Island County commissioners may put damper on fireworks use

In response to a handful of citizen complaints, Island County commissioners are taking a closer look at existing firework rules and contemplating a few new restrictions.

In response to a handful of citizen complaints, Island County commissioners are taking a closer look at existing firework rules and contemplating a few new restrictions.

While no formal proposal is yet on the table, the board is looking to address a discrepancy between current county and state laws concerning the times and days they can be sold and discharged.

Local ordinances allow the discharge and sale of fireworks from noon June 28 to noon July 6. State rules are similar but end July 5 and are slightly more restrictive regarding allowed hours. Generally, both sales and discharge are required to cease at various times in the evening depending on the day.

The board may go one step further. During the board’s work session Wednesday, Commissioner Angie Homola said fireworks complaints are a regular headache for the county.

While some people want an outright ban, others have a legitimate right to want to celebrate the nation’s birthday, she said. She was optimistic a compromise could be found.

“You could have plenty of fireworks that aren’t disruptive and enjoy our nation’s birthday,” Homola said.

“I think we can find a happy medium here,” she said.

The commissioner said she would like to look at reducing the allowed time frame further than the present state rules while also considering the kinds of fireworks that can be sold.

But, it’s not an idea that sparked popularity among law enforcement. Island County Sheriff Mark Brown, who was asked to comment at the meeting, expressed hesitancy about regulations that go further than the state rules.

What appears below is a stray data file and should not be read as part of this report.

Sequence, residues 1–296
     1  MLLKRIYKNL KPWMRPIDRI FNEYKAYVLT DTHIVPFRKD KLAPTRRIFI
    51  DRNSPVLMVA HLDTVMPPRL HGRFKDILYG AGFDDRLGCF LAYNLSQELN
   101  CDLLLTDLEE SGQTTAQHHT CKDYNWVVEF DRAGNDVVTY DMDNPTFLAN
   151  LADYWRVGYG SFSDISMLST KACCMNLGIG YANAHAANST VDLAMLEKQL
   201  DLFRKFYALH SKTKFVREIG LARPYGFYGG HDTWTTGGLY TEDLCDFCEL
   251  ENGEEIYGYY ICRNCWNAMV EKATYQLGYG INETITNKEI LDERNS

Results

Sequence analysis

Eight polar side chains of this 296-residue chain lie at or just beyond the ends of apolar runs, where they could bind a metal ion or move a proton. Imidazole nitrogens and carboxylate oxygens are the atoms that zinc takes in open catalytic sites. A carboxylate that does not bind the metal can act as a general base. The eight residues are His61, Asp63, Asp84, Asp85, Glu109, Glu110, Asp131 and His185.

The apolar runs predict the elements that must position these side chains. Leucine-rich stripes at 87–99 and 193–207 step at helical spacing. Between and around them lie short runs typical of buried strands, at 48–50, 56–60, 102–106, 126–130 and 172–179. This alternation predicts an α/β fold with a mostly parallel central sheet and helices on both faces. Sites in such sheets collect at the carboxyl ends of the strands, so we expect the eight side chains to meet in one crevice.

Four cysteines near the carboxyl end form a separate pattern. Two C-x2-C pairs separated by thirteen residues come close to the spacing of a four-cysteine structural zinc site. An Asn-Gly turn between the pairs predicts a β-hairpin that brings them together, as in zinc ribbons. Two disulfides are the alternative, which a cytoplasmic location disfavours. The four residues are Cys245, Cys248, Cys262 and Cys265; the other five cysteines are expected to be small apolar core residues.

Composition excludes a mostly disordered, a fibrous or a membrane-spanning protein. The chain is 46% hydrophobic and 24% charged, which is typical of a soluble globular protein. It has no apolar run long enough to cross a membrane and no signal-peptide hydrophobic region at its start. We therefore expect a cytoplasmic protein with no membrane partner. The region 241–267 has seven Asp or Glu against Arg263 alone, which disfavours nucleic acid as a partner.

“I think there is a double-edged sword here,” Brown said.

Fireworks calls are typically noise complaints rather than public safety issues, he said. As a result, they are low on the priority list for the officer-strapped department.

Limiting the days allowed and restricting the types of fireworks may result in greater public expectation for enforcement and response, he said.

Commissioner Helen Price Johnson offered that the new rules might actually lead to fewer calls to the sheriff’s office once people begin to comply with the new schedule, but Brown had his doubts.

“You could presume everyone would not discharge fireworks during that time but would that happen?” Brown said. “I don’t know.”

He also said there is no rush to adopt any new rules because they likely could not go into effect until 2013.

Commissioner Kelly Emerson said she would support aligning county rules with those of the state but not additional restrictions.

Homola expressed wonder over some of Brown’s arguments. She questioned how a smaller window of time would translate into an issue as officers still have to investigate the 911 calls that report illegal fireworks or discharge.

She said fireworks present a public safety issue as people have to search for dogs that ran away due to the noise.

“This board really has to make the decision about how we are going to respond to the public’s concerns in their communities for their peace and quiet and for the safety of their animals,” Homola said.

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